FRF Mathematics Education Chair
The vision is for the FRF Mathematics Education Chair to serve as a beacon of excellence by initiating and coordinating teacher education and research projects that focus on improving the quality of mathematics teaching and learning (NRF, 2008).
In particular the Chair seeks:
- To improve the quality of teaching of in-service mathematics teachers at previously disadvantaged secondary schools;
- To improve the mathematics results in previously disadvantaged secondary schools as a result of quality teaching and learning;
- To research sustainable and practical solutions to the mathematics crisis; and
- To provide leadership in mathematics education and increase dialogue around solutions for the mathematics education crisis (NRF, 2008).
This will be achieved through an interwoven research and development agenda where research and development are equal partners.
The FirstRand Foundation Mathematics Education Chair is hosted by Rhodes University, jointly funded by the FirstRand Foundation, RMB Fund, the Department of Science and Technology and administered by the National Research Foundation.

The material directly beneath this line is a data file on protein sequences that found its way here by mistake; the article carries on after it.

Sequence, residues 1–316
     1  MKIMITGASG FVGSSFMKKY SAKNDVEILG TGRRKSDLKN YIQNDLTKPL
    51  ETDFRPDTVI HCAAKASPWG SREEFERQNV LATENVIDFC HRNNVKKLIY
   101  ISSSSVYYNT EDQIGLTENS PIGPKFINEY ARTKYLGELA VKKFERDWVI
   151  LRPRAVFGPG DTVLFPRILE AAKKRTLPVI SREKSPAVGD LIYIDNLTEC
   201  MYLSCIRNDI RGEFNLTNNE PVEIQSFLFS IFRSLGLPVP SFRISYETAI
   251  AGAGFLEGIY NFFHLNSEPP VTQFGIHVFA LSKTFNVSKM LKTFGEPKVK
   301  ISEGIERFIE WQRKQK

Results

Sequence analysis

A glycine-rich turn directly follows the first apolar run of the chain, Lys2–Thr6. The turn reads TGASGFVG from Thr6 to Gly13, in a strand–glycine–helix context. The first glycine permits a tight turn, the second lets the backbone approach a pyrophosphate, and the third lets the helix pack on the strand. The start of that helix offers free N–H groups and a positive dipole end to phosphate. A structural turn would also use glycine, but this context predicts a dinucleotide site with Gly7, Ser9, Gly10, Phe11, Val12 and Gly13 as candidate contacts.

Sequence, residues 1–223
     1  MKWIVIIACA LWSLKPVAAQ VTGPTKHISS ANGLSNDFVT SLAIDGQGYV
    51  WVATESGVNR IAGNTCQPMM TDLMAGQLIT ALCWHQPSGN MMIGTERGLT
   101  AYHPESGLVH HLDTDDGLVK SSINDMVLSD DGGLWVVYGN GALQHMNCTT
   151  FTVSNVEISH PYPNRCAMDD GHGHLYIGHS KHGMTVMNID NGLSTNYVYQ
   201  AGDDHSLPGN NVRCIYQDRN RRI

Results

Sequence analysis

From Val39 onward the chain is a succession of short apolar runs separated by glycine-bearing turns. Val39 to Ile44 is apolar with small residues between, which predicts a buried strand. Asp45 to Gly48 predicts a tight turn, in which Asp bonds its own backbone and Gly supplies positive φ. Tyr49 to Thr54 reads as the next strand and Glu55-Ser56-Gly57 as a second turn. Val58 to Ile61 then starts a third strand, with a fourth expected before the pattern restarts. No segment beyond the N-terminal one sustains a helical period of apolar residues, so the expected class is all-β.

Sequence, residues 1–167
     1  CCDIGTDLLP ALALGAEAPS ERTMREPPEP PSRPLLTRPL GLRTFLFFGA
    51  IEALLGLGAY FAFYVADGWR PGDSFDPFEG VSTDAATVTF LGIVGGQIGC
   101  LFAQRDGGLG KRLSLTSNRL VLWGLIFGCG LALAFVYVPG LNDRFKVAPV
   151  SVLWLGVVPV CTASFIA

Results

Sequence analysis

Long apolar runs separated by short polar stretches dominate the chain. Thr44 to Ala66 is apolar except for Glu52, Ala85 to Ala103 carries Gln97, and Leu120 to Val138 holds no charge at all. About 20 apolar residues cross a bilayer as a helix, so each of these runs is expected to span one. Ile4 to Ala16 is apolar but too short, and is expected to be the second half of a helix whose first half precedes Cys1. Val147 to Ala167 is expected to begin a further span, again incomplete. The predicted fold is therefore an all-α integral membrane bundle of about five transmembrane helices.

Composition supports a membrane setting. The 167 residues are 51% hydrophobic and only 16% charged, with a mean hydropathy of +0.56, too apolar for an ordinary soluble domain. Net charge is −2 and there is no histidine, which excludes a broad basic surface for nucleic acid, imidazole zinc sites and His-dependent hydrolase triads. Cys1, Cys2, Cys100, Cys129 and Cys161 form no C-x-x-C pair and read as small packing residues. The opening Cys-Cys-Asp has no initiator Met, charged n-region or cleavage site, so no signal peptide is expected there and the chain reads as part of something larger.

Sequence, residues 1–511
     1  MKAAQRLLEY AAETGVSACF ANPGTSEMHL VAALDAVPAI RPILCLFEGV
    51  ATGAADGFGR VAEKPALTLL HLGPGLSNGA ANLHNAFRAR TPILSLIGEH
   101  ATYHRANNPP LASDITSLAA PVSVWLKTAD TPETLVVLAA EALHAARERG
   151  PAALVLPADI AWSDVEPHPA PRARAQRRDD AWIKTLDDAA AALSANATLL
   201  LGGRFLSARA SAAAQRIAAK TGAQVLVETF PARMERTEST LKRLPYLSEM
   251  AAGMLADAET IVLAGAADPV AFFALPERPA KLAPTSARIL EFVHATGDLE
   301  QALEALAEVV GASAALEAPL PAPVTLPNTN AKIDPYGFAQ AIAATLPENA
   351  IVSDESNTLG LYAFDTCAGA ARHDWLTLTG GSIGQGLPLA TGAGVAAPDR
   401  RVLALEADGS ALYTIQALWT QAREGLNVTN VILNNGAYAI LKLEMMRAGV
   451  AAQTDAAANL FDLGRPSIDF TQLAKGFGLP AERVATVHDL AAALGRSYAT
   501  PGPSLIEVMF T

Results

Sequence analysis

The FRF Mathematics Education Chair conducts the following research projects.
The research questions that have formed the basis of our research activities are:
- What appropriate teaching strategies could assist in building confidence and proficiency in Mathematics teachers?
- How can a positive professional identity be grown?
- What is the nature of the mathematics backlog of our pupils?
- How can effective and innovative learning and teaching resources be developed?
- What is the impact of the work of the Chair?
Research question 1
The main focus in answering this question is on developing understanding and proficiency around the inter-relationship between conceptual and procedural teaching and learning. The work of Kilpatrick et al. is a key ingredient in developing our MTEP programme and conceptualising research projects in this regard. The underlying theme in all of our MTEP sessions is to grow mathematical content knowledge in relation to learning and teaching it in a conceptually meaningful and proficient way. This implies relating the mathematical content to:
- Innovative pedagogy
- Real-life and appropriate cultural contexts
- The ever-changing curriculum and its interpretation
- Individual needs of the pupils
- The teacher’s own positive disposition
Research question 2
The notion of a well-established professional identity is key to restoring the positive disposition of our mathematics teachers. Our discourse around professional identity is informed by the work of many researchers such as Beijaard, Lave and Wenger, Sfard and many more who talk about professional identity encompassing:
- The teacher as a subject matter expert. Teachers require a deep and full understanding of mathematics and its processes.